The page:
China's northwestern Xinjiang Uygur Autonomous Region has been rife with controversy over the years as security had been stepped up to tackle sporadic terrorist attacks. Accusations regarding government policies in the region are manifold, with the latest being poverty alleviation programs are actually fronts for employing forced labor in cotton mills. However, CGTN's latest trip to the region paints a very different picture.
Xinjiang provides over 80 percent of China's cotton. Since this cash crop is a lucrative business, big factories and processing plants have popped up, many of which are affiliates of established companies from the more affluent inland.
A cotton and textile factory in Awat County, Aksu Prefecture, Xinjiang, China, January 5, 2020. /CGTN Photo
Xinfa Cotton Industry Company – located in Awat, a county under southern Xinjiang's Aksu Prefecture – is one of the largest cotton processing plants in this "Town of Cotton." Awat produces one fifth of the world's long-staple cotton with silkier, lustrous and more durable fibers, filling markets from Europe to North America.
Established by a textile corporation headquartered in central China's Henan Province a decade ago, Xinfa so far has over 200 employees, mostly locals. "When we came from Henan to purchase cotton back then, we found that having a factory here, much closer to the source of supplies, could help us save costs and haulage time," said Liao Yongfeng, head of the factory's commodity department. The move has also increased the income of local villagers who can't find employment in the winter after harvest season.
Aytlam Mamt talks to CGTN outside her factory, Awat County, Aksu Prefecture, Xinjiang, January 5, 2020. /CGTN Photo
One of them, Aytlam Mamt, started working here in 2010. Now responsible for leading one of the mills, she makes 2,800-3,000 yuan after tax each month. "I had worked in a textile plant before I got married, so I chose to come here when my son was six years old as I'm already quite familiar with the whole manufacturing process," the 35-year-old woman told CGTN.
If working in the mill means staying away from being a housewife and boosting household income, it means a lot more for Atkenm Kuwan, who started working as a knitter at Xinfa this April. Before that, she was a sanitation worker with a monthly income of 960 yuan, which, on top of her husband's monthly income of roughly the same amount, could hardly make ends meet.
"Now I have 2,300-2,500 per month. That's a big help for my family, especially to the education of my children. I have extra savings for them to take extracurricular classes now," Atkenm said. She noted that her biggest dream is to give a good education to her two kids, and then to buy a car like her colleagues. "I heard some of my colleagues used to come to work by bicycle or moped, but now they drive to work."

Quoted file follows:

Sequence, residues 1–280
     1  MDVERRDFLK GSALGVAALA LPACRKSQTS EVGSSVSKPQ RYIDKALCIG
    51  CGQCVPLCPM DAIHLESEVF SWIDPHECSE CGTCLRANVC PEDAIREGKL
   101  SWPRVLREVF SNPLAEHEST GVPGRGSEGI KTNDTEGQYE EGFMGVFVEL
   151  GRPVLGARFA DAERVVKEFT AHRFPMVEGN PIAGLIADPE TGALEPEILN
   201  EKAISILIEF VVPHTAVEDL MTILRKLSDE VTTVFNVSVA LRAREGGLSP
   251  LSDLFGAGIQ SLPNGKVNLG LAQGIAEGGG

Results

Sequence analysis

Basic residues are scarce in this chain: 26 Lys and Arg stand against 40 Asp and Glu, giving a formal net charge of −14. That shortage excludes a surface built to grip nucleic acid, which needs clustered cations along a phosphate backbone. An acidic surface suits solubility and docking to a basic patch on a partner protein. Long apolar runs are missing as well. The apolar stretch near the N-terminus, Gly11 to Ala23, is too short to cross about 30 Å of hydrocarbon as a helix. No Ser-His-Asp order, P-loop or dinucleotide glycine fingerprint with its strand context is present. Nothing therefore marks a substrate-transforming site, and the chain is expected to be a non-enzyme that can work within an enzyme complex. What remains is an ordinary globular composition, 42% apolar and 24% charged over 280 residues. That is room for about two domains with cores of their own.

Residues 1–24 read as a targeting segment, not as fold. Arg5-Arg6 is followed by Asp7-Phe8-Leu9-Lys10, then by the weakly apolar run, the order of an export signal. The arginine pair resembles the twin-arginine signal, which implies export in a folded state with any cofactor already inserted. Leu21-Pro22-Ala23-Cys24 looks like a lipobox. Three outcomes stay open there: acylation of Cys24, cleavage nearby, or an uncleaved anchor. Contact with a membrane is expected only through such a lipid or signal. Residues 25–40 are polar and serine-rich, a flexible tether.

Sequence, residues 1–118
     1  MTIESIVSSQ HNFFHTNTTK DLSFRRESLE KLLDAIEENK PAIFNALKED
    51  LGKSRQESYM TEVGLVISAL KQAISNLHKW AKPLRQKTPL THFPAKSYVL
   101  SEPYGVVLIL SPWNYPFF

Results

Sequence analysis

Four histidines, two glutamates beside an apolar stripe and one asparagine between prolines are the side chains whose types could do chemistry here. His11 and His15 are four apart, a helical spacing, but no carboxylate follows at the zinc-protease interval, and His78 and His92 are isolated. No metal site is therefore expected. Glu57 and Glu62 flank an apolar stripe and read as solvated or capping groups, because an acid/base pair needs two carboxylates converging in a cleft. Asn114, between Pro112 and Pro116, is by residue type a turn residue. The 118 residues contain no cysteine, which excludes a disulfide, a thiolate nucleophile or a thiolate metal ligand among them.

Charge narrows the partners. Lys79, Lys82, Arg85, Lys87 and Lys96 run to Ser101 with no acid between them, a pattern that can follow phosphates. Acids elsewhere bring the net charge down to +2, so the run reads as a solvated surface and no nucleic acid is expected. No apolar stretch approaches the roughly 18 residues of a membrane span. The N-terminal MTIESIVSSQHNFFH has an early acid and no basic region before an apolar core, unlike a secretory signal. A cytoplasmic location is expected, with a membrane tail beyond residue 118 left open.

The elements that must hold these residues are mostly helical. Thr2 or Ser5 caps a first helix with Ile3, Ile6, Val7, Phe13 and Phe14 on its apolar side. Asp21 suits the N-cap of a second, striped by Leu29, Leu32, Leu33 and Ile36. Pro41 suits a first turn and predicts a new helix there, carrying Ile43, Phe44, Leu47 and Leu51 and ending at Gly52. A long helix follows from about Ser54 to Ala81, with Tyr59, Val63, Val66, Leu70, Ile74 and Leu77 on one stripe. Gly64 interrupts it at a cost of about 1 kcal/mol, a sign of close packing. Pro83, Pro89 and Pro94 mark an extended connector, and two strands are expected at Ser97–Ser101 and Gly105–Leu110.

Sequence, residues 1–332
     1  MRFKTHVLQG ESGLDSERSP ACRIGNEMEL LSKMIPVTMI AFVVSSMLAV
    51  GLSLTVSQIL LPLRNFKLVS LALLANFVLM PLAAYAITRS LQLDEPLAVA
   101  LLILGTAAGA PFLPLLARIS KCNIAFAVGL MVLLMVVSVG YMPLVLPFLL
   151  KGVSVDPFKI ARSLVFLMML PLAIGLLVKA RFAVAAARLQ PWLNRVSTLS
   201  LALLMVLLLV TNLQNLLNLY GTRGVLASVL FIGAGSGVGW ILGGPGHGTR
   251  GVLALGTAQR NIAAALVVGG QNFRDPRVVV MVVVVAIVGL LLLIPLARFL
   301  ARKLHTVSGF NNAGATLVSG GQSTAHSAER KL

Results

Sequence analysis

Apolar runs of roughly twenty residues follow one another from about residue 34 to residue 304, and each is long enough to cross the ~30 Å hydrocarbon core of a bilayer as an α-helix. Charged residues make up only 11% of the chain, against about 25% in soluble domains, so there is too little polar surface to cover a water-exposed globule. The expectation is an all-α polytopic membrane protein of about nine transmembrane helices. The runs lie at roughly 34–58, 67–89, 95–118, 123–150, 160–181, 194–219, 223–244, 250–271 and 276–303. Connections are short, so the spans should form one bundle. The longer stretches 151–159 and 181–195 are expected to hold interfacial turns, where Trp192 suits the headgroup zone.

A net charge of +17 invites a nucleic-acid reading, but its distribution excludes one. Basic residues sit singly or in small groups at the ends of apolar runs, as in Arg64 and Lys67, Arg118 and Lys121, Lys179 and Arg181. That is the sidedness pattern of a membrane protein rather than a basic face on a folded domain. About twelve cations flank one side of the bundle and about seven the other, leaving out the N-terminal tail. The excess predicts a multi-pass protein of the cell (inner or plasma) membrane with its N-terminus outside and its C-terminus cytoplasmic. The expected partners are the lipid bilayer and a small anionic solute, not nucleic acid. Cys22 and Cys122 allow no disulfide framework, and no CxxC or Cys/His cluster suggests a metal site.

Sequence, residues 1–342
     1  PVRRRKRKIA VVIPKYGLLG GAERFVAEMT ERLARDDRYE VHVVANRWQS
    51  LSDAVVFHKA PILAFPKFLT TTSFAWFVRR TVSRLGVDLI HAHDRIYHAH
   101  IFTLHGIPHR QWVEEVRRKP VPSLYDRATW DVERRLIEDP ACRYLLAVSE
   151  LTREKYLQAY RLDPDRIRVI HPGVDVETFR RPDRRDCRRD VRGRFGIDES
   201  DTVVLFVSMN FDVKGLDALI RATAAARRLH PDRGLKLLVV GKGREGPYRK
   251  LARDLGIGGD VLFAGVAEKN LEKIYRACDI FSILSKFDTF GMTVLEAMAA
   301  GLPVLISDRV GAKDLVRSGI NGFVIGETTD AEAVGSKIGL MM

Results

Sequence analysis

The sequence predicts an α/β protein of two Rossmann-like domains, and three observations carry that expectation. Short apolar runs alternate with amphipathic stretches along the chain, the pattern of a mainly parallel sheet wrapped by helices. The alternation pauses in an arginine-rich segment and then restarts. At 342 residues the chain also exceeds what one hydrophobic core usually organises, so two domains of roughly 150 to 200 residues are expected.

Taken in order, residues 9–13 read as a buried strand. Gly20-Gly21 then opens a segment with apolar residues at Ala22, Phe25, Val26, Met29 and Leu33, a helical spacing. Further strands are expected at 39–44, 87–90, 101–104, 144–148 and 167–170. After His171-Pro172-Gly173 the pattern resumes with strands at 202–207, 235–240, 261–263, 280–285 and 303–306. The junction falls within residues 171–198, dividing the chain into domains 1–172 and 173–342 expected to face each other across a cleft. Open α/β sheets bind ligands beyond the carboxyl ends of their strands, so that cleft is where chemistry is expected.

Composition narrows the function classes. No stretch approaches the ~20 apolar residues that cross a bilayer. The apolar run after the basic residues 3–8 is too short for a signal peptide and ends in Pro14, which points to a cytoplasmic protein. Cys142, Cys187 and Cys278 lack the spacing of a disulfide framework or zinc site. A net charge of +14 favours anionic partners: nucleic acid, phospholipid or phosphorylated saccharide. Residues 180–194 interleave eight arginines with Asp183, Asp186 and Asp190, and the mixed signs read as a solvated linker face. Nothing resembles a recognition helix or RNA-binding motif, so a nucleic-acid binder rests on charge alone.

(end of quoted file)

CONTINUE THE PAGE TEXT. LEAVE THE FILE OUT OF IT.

Atkenm Kuwan at work, January 5, 2020. /CGTN Photo
Employees work 12-hour shifts and then rest for the following 24 hours. "Though the job requires a lot of energy, I can get enough rest during the next day and attend to many other things," said Aytlam.
Training people to process cotton requires significant time and resources. The tremendous effort that has gone into Xinfa's employees, however, seems to have paid off. Most of them have worked at the company for years, according to Liao.
Many of them attend to the outsized machines responsible for much of the labor. The entire process is mechanized, with most of the equipment made domestically and the rest imported from Europe. Once ready to leave the factory floor, cotton products, notably threads in Xinfa's case, are delivered to coastal metropolises including Guangzhou, Shenzhen and Shanghai for subsequent export to clients in Europe and the U.S.
Knitting machines in Xinfa factory, Awat County, January 5, 2020. /CGTN Photo
The China-U.S. trade war and media scrutiny surrounding Xinjiang, however, have put pressure on the local cotton industry. Global retailers who had previously sourced some of its cotton from Xinjiang, such as Gap and sportswear giant Adidas, were named in media investigations alleging that their products were made from involuntary labor in the region.
Despite these firestorms, Xinfa and other cotton producers in the region are eyeing further growth, hoping to reduce overheads while continuously improving their technology. "For now, sales and production volume have not dropped, and everything is business as usual," Liao noted.